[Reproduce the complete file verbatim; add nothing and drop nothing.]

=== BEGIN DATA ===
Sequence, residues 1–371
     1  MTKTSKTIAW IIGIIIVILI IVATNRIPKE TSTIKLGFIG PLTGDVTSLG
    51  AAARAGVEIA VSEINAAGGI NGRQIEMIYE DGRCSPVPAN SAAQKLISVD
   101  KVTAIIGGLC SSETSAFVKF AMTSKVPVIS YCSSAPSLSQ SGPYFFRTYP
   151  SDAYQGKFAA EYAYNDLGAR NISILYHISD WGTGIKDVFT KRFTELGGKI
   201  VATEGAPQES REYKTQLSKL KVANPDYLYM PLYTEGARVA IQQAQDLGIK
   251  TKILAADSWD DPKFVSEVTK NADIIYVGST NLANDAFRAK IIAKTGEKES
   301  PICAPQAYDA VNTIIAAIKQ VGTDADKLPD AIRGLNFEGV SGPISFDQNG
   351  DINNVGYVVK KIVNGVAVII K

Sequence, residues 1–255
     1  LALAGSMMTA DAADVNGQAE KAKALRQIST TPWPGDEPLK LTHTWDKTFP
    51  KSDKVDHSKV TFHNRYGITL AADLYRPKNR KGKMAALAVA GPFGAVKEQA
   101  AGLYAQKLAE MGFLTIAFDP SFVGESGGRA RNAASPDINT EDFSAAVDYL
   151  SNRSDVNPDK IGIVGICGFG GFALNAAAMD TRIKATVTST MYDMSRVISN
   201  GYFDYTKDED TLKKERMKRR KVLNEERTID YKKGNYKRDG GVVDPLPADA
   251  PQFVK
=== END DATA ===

Sequence, residues 1–371
     1  MTKTSKTIAW IIGIIIVILI IVATNRIPKE TSTIKLGFIG PLTGDVTSLG
    51  AAARAGVEIA VSEINAAGGI NGRQIEMIYE DGRCSPVPAN SAAQKLISVD
   101  KVTAIIGGLC SSETSAFVKF AMTSKVPVIS YCSSAPSLSQ SGPYFFRTYP
   151  SDAYQGKFAA EYAYNDLGAR NISILYHISD WGTGIKDVFT KRFTELGGKI
   201  VATEGAPQES REYKTQLSKL KVANPDYLYM PLYTEGARVA IQQAQDLGIK
   251  TKILAADSWD DPKFVSEVTK NADIIYVGST NLANDAFRAK IIAKTGEKES
   301  PICAPQAYDA VNTIIAAIKQ VGTDADKLPD AIRGLNFEGV SGPISFDQNG
   351  DINNVGYVVK KIVNGVAVII K

Sequence, residues 1–255
     1  LALAGSMMTA DAADVNGQAE KAKALRQIST TPWPGDEPLK LTHTWDKTFP
    51  KSDKVDHSKV TFHNRYGITL AADLYRPKNR KGKMAALAVA GPFGAVKEQA
   101  AGLYAQKLAE MGFLTIAFDP SFVGESGGRA RNAASPDINT EDFSAAVDYL
   151  SNRSDVNPDK IGIVGICGFG GFALNAAAMD TRIKATVTST MYDMSRVISN
   201  GYFDYTKDED TLKKERMKRR KVLNEERTID YKKGNYKRDG GVVDPLPADA
   251  PQFVK